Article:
At its worst, scholarship on religion and American higher education has a tendency to diverge into a diatribe against secularization and the waning influence of Christianity in 20th and 21st century colleges and universities. At its best, scholarship on religion and American higher education produces fascinating studies about the ways in which religion engages in a unique and complex network of educational institutions that, in many ways, is unparalleled in any other country. Adam Laats’s book, Fundamentalist U: Keeping Faith in American Higher Education, falls within the latter category. In this work, Laats analyzes the history and development of interdenominational evangelical and fundamentalist institutions of higher learning typified by schools like Bob Jones University, Moody Bible Institute, and Wheaton University. He suggests that these institutions of higher learning are fruitful referents for distinguishing between the slippery categories of fundamentalist and evangelical, potentially more fruitful than trying to isolate doctrinal or aesthetic markers.
Fundamentalist U argues that since the creation of interdenominational colleges and universities in the late 19th and early 20th century, these institutions have been committed to modern conceptions of higher education. From curricular development, to research, to pedagogical style, these institutions have sought parity on some level with their more “secular” counterparts. At the same time, however, these schools have been fervent defenders of what Laats refers to as “imprecise spiritual and cultural imperatives that set them apart” from either denominational or mainstream higher education (7). For Laats, the interplay between their commitment to the highest modern academic standards and their commitment to a particular form of Christian bona fides characterizes the uniqueness of fundamentalist institutions of higher education.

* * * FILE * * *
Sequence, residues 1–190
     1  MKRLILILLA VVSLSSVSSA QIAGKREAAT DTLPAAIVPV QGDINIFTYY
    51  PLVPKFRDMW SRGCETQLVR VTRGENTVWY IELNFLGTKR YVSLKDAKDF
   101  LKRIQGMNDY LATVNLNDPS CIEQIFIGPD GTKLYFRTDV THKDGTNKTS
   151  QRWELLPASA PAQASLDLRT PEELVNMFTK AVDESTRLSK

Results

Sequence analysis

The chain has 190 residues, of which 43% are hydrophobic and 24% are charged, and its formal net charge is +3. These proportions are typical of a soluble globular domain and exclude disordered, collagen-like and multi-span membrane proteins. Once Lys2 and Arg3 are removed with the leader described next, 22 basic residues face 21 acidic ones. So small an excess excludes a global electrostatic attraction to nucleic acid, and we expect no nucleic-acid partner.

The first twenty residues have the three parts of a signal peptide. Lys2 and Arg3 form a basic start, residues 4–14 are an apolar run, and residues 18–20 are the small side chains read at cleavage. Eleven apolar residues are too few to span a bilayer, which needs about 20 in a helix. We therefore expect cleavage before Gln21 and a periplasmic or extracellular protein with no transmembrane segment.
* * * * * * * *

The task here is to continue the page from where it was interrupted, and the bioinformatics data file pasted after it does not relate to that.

Following a loose chronology, Laats’s work begins with the creation of these interdenominational colleges and universities in the late 19th and early 20th century. Chapters 1 and 2 recount how early fundamentalist universities were not looking to restore an older model of higher education; rather, they sought to create decidedly modern institutions of higher learning with a rigid commitment to a particular form of Christianity. Schools, however, were unsure what that meant. Institutions like Wheaton initially believed this meant things like prohibiting theatrical productions on campus, while Bob Jones University had little problem with these. Deciding what a fundamentalist institution looked like was a moving target for many of these schools. Institutional authority, discussed in chapter 3, was sometimes held by multiple school administrators as in the case of Wheaton or in one charismatic leader as in the case of Bob Jones. Oftentimes, school administrators would also look outside of the institution for supporters who might vouch for their fundamentalist credentials, while at the same time providing fundamentalist credentials for their graduates.